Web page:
In some aspects of modern society, feudal systems are still evident. However, they are often not as extreme as feudal divisions in 1984 and Brave New World. The class divisions in modern society appear mainly to be based on wealth; in the books the situation is opposite: in Brave New World and 1984, the wealth of citizens is based on their class, which is artificially produced.

Maintenance of Order

Modern society’s methods of maintaining order are more similar to Brave New World’s overload of information than 1984’s more physical methods.

In 1984, the citizens are controlled partly by physical force to ensure their conformance to the society. The citizens are first trained in ‘doublethink’, which means ”the power of holding two contradictory beliefs in one’s mind simultaneously, and accepting both of them.’ This means that they accept whatever the government claims is true even if they have explicit evidence to the contrary. For example, during one of the Hate Week summits, the speaker changed who the enemy was halfway through the speech. The audience immediately accepted this, despite only a few seconds ago having been enemies with those who they were now allied with, and in fact were quite embarrassed to find that they had made the incorrect signs for the event. In fact, a lot of these enemies were created by the government for just this sort of psychological manipulation. If anyone was to bypass the psychological manipulation and stand up against the government, they would then be physically tortured into submission. As Winston himself says, even a tiny twitch of the face can cause a man to be arrested, which is known as ‘facecrime’ in the novel. The government also uses a variety of methods to convince people that current society is the best society ‘ the government is able to change records of the past to convince citizens that society is the best it has ever been, and therefore based on this upwards trend will continue to get better, as it is no secret to the citizens that the society they are living in is a dystopian and drained one.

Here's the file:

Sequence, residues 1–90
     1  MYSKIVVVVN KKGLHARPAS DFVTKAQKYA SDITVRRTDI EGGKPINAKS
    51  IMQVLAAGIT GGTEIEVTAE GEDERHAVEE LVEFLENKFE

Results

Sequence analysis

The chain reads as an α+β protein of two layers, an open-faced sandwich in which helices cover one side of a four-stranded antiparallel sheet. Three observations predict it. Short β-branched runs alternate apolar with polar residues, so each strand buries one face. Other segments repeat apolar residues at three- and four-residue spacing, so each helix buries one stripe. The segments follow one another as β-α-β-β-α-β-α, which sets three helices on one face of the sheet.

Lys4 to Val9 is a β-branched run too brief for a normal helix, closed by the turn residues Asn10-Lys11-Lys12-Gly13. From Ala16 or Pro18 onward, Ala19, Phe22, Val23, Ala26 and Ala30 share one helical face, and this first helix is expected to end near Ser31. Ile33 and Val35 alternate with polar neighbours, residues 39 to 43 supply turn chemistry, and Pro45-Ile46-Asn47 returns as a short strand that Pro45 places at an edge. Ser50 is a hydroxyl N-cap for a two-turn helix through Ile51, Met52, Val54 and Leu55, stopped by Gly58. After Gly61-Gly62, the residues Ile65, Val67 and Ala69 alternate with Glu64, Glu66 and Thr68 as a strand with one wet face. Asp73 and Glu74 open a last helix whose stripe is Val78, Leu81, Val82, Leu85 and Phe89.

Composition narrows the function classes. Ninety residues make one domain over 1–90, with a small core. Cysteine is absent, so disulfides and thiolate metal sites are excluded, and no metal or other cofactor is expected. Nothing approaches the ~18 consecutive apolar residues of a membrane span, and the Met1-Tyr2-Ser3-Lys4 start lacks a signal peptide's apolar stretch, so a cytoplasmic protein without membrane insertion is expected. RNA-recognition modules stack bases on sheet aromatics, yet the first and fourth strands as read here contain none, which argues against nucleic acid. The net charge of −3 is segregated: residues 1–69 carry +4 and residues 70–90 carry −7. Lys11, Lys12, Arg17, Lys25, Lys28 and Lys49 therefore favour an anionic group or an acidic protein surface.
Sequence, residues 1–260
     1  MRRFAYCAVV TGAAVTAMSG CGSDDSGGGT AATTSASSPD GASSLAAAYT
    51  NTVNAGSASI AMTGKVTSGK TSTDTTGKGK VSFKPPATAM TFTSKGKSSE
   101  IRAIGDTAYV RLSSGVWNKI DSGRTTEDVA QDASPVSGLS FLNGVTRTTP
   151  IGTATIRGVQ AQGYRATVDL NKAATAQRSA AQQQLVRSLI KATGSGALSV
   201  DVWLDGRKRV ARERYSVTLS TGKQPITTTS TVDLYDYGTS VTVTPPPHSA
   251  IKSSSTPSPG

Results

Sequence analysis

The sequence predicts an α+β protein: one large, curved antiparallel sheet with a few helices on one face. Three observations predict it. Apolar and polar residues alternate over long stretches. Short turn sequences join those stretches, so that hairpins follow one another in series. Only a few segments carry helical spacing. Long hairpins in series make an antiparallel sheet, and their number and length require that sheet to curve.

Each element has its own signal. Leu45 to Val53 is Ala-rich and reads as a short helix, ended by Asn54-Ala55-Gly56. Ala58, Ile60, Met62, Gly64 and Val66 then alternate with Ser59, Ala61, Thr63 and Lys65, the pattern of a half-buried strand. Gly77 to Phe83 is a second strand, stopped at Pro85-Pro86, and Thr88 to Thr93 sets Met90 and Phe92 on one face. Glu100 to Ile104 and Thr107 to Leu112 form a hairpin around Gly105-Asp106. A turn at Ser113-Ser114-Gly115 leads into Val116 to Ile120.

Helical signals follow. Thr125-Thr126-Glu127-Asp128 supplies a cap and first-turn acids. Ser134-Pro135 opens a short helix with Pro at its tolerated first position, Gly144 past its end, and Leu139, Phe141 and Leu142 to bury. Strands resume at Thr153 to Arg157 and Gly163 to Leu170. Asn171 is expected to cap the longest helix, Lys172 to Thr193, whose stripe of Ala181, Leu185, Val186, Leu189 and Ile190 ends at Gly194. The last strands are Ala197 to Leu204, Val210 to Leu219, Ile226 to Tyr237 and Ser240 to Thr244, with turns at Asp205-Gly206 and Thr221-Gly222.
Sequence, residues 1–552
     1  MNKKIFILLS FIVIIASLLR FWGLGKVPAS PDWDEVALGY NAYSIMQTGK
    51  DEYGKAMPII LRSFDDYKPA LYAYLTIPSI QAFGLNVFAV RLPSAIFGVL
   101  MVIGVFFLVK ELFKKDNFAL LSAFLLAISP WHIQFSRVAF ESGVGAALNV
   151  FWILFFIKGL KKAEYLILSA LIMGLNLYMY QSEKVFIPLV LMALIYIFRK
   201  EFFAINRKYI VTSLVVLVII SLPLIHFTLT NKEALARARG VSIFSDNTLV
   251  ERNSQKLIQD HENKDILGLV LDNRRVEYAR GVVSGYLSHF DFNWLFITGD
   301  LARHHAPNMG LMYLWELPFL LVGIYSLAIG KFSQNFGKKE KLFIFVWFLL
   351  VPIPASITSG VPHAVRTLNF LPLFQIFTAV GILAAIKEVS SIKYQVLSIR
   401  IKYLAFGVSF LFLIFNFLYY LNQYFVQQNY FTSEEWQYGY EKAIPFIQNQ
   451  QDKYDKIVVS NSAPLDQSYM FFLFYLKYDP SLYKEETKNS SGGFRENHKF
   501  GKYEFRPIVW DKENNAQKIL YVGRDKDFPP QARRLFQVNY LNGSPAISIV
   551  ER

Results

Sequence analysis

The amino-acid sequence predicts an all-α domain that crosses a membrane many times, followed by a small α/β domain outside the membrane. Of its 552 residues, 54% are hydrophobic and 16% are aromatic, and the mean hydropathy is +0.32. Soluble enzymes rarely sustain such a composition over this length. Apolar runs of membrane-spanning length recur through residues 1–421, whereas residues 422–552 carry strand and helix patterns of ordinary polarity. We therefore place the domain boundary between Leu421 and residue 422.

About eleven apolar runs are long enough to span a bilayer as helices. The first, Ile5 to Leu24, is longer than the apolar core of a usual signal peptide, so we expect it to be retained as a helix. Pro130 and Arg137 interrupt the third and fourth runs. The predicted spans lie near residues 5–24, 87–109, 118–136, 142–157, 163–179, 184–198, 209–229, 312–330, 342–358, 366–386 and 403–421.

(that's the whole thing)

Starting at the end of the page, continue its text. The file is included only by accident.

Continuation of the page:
In Brave New World, on the other hand, citizens are controlled almost entirely psychologically. Firstly, there is an overload of information in the society, which makes it difficult for any citizens to filter out fact from fiction. The government also gives the citizens artificial excessive pleasure, usually in the form of soma, to help keep them under control. The citizens are conditioned from birth to situations such as death, desensitizing them, such as when a group of children are conditioned with nonchalance towards John’s mother’s death, and the citizens are also taught that ignorance is good. In fact, the Controller explicitly states at one point that ‘no pains have been spared to make your lives emotionally easy’to preserve you, as far as that is possible, from having emotions at all.” Soma is used as a method of control for the society, and anyone who is able to bypass all these measures, such as Marx or Helmholtz, is faced with exile from society. The government does not have to work hard at all to convince the citizens of anything as they are mostly ignorant and for the most part do not care much about their surroundings. BNW and 1984 both involve people only being able to think within the frame of reference they have been taught ‘ John can only think based on the means provided to him from an early age through the Shakespeare texts that his mother read to him, often speaking in Shakespearean language and comparing his life to a Shakespeare play.

In modern society, there is also an information overload present, similarly to Brave New World. With the rise of the internet, it has become easy for anyone to share falsities (or at the very least non-truths) with a large audience, although there is a lot of legitimate content. However, there is also physical force used in modern society, although this is not as prevalent as in, say, 1984 (as far as we know). In the news we commonly hear about the controversial use of torture to extract information from (or more controversially, punish) terrorists and others . A mixture of mental and physical force is used to punish non-conformists in modern society. The government does not push to convince modern society that this is the best society, but it is generally accepted that modern society is an improvement over the past. In cases with famous and much-cited whistle-blowers such as Assange and Snowden, they are faced with forceful exile from the society as they cause disruptions in the system.

Privacy

Modern society appears to be more similar to 1984’s forceful privacy violations in many aspects, although there are a few consensual privacy violations more similar to Brave New World.

In 1984, citizens have little to no privacy. The violations of privacy in 1984 are ‘forceful’ violations of privacy, which means that they are not easy to escape ‘ Winston is surrounded by technology such as two-way screens and security cameras, and there are few places he can go to avoid being spied on. The privacy violations are intended to ensure that the public is kept in check and that the society continues running smoothly.